The present invention relates to optical devices and in particular, though not exclusively, to packaging or mounting of semiconductor optically active or optoelectronic devices such as lasers, modulators, amplifiers, switching structures, or the like.

BACKGROUND TO INVENTION

In semiconductor devices which include an active region current passing through the active region causes heating through non-radiative re-combination. To dissipate the heat the devices are typically attached/bonded to a heatsink. Typically the devices are operated junction side down to improve cooling by placing the active region close to the heatsink. For ease of coupling to the device, ends (facets) of the device overhang the heatsink. This arrangement has the disadvantage that heat builds up at the facets due to the lack of conductive pathways causing increased absorption at the facets resulting in a reduction of performance and potentially Catastrophic Optical Mirror Damage (COMD). Conversely, if the heatsink is made longer than the device the edge of the heatsink may cut-off some of the emitted light, and if as typically happens solder used to bond the device to the heatsink “balls” up at an output end of the device this also obstructs the emitted light.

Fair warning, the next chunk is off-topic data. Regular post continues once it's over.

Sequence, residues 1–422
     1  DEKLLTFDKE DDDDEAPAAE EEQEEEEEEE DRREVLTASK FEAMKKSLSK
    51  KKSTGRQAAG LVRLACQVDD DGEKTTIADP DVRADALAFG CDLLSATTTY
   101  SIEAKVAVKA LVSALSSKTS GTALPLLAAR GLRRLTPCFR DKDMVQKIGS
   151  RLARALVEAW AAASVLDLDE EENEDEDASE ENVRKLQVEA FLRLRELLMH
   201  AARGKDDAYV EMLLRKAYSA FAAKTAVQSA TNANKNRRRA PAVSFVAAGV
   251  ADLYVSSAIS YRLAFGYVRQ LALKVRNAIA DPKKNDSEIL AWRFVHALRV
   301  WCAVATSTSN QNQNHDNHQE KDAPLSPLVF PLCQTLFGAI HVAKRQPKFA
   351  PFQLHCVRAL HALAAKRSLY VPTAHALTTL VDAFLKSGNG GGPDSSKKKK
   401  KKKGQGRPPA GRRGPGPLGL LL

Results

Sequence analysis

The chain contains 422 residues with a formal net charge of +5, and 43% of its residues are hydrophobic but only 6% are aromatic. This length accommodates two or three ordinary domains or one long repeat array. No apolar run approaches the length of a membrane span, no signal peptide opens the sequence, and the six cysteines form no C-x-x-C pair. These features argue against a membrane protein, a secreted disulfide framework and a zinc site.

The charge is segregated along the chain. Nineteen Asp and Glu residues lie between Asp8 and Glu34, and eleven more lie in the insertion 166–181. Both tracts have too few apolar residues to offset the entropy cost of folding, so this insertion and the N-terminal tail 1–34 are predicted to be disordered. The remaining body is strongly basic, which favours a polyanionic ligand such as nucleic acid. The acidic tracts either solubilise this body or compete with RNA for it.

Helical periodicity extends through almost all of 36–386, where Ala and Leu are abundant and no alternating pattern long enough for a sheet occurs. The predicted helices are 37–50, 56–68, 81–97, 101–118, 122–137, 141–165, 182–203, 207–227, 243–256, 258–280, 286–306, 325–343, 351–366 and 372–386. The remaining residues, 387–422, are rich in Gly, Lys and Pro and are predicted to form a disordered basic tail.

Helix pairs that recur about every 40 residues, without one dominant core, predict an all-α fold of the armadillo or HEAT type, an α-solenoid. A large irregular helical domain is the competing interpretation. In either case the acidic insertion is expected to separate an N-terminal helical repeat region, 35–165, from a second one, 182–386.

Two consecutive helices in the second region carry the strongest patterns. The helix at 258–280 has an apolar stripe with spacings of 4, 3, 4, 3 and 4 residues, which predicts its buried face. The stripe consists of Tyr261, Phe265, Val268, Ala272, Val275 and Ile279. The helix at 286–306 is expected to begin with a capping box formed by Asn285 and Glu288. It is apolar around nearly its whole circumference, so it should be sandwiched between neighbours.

A prior art arrangement used to seek to overcome these disadvantages uses a device in which the active region is arranged at an acute angle to sides of a heatsink. The device is then located on the heatsink which is effectively equal in length to the active length of the device. This arrangement reduces heat dissipation at the facets. Unfortunately, this arrangement requires high manufacturing tolerances, limits coupling to other optical components, eg optical fibres, and cannot be used for devices with two or more active regions arranged in parallel.

It is an object of at least one embodiment of at least one aspect of the present invention to provide a semiconductor optically active device which obviates or mitigates one or more of the aforementioned disadvantages.

SUMMARY OF INVENTION

According to a first aspect of the present invention there is provided an optically active device comprising:

a device body having an active region and an optically passive region(s) provided at one or more ends of the active region; and

a heatsink;

the device body and heatsink being retained in thermal association with one another such that a first end of the at least one of the optically passive region(s) adjacent an end of the active region is provided within an area of the heatsink, and a second end of the said at least one optically passive region(s) is provided outwith the area of the heatsink.